The Mirjam Helin Competition
The Finnish soprano Mirjam Helin (1911-2006) became a singer and a pedagogue despite her father’s and fiance’s warnings and threats. She studied singing in Rome, Vienna and Paris, had her praised debut recital in 1938 and completed her diploma in 1941. A solo recital in Paris in 1950 was a great success, and offers landed for Wagner roles even from the Paris Opera. But instead of a career in opera, she had chosen a married life in Finland and to work for her father’s business as he had insisted. Ultimately she became a beloved vocal coach.
In 1981, as a 70-year old widow, she decided to depart with a grand portion of her financial wealth, and with the Finnish Culture Foundation, an international signing competition was established under her and her late husband’s name. The first competition was held in 1984, and they have taken place every five years since.
Miss Helin was a formidable character who relished the possibility to follow the success of her competition well into her 90’s. She loved cars, and even when old and frail, she possesed the stamina to drive her own. She had a wonderful sense of style and occasion. I was invited to a private dinner with her not long before her death. She arrived well coiffed, wearing an elegant suit by Chanel, the perfect heels and simple but important jewellry to match, and a nicely understated bag. Her wit was sharp as ever, and we had a ball!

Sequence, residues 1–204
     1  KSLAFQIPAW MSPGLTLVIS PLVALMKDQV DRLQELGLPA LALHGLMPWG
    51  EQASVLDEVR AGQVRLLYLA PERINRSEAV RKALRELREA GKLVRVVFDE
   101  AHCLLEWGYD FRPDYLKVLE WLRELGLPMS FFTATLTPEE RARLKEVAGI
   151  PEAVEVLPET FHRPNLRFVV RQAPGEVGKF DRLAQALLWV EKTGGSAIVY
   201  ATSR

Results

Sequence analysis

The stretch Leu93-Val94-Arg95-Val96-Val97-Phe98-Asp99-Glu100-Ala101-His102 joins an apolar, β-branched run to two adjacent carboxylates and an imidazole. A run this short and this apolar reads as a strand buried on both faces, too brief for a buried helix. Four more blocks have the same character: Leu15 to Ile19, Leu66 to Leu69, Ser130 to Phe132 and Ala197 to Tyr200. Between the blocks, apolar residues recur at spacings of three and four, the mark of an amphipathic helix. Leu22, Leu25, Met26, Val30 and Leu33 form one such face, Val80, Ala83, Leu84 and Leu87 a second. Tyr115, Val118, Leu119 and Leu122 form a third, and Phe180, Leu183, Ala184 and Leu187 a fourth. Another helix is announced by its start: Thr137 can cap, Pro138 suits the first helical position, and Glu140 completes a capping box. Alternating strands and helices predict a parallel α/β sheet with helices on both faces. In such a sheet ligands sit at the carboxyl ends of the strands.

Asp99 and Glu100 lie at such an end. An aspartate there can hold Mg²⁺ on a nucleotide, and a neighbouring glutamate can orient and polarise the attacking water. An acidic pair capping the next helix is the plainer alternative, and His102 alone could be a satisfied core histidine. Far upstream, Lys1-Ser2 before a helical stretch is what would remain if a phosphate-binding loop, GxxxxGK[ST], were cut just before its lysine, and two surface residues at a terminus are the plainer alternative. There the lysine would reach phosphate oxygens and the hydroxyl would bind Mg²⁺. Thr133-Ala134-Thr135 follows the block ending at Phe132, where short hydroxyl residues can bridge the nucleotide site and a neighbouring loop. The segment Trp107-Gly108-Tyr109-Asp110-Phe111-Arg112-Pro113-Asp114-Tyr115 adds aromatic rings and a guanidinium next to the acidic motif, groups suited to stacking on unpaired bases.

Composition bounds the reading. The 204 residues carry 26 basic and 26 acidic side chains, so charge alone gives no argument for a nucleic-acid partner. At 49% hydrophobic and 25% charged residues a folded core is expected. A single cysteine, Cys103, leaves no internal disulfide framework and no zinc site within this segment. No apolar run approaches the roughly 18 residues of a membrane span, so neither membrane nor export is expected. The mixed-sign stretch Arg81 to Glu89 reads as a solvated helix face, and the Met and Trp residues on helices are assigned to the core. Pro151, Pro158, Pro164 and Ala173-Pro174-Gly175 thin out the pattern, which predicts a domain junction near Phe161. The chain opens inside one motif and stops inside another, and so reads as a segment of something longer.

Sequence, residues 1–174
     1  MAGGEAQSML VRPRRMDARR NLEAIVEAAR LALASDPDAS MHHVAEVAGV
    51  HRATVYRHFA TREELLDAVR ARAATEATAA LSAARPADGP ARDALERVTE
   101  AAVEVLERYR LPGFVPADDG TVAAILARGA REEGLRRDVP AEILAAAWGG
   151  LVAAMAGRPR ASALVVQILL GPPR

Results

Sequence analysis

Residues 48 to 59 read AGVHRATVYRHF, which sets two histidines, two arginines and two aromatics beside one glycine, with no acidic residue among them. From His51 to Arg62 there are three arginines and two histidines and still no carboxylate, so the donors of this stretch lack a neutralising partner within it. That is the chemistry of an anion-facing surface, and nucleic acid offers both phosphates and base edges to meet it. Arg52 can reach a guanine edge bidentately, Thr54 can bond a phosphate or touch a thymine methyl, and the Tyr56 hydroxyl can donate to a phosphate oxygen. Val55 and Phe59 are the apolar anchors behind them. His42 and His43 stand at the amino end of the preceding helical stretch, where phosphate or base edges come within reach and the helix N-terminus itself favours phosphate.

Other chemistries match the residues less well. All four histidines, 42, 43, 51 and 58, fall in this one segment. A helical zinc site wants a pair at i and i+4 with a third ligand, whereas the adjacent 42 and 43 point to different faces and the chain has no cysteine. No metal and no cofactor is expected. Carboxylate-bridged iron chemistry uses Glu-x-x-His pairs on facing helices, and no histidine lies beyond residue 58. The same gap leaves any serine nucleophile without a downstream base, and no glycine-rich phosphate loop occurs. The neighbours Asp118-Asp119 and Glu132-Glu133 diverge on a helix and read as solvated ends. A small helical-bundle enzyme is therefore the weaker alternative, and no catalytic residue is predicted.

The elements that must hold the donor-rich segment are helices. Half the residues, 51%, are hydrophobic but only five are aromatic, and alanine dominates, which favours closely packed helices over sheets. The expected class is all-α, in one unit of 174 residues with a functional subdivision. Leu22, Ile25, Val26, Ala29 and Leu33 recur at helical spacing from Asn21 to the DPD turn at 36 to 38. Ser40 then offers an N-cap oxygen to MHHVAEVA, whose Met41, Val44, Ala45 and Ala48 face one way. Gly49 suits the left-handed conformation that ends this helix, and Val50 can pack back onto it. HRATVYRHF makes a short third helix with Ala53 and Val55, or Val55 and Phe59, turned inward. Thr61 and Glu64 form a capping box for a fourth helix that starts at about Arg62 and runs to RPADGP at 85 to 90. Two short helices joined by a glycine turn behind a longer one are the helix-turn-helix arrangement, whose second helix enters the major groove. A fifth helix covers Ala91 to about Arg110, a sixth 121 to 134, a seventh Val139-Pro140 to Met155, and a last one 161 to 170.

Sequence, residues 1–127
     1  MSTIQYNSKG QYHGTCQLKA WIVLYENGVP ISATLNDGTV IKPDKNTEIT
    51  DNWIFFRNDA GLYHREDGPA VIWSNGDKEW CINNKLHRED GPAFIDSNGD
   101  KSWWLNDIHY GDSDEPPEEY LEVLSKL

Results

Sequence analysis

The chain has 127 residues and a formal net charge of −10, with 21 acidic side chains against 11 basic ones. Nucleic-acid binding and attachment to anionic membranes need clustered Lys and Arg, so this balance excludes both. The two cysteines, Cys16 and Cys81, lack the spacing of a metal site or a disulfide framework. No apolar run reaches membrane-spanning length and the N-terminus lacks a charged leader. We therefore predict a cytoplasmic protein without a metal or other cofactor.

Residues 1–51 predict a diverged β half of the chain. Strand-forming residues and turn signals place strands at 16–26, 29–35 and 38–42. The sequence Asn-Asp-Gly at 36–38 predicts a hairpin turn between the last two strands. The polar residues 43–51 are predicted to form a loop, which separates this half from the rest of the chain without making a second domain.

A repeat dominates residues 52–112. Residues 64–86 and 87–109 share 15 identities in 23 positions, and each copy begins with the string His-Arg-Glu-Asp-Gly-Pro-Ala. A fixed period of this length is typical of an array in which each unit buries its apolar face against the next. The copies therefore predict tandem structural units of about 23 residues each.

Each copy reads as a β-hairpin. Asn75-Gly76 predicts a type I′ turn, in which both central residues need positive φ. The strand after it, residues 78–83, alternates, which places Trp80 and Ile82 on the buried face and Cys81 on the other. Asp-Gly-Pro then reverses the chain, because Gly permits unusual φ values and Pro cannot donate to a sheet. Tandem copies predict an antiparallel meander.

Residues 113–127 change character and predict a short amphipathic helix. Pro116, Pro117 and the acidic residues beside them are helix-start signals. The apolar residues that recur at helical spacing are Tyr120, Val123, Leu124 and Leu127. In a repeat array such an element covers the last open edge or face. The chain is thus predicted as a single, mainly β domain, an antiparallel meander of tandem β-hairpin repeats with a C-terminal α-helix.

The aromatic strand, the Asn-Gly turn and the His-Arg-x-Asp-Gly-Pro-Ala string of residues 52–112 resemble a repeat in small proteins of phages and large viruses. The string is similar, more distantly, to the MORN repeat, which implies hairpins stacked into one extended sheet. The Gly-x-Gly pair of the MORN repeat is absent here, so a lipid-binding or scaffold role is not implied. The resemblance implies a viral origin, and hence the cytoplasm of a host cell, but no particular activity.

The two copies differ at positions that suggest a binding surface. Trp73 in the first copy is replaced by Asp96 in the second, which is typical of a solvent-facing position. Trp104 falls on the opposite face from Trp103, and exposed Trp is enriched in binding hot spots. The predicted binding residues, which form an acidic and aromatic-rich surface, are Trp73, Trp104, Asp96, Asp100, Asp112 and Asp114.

The Mirjam Helin competition is going on in Helsinki right at this moment, and what a special opportunity it is for all involved! Nearly 400 singers had applied to the competition, and 46 singers were chosen. Nineteen singers continue to the semi-finals on August 9 and 10 at the Helsinki Music Centre, with the final on the 13th. Master classes are arranged, and one of the jury members, the American soprano Deborah Voight, gives a Q & A “tell all” to vocal students.
The competition gives a great boost to music lovers and students alike, to the pianists and the producers. A fabulous time for budding talent, vocal blossom, and the future!
Link to the competition’s official web page: http://mirjamhelin.fi/en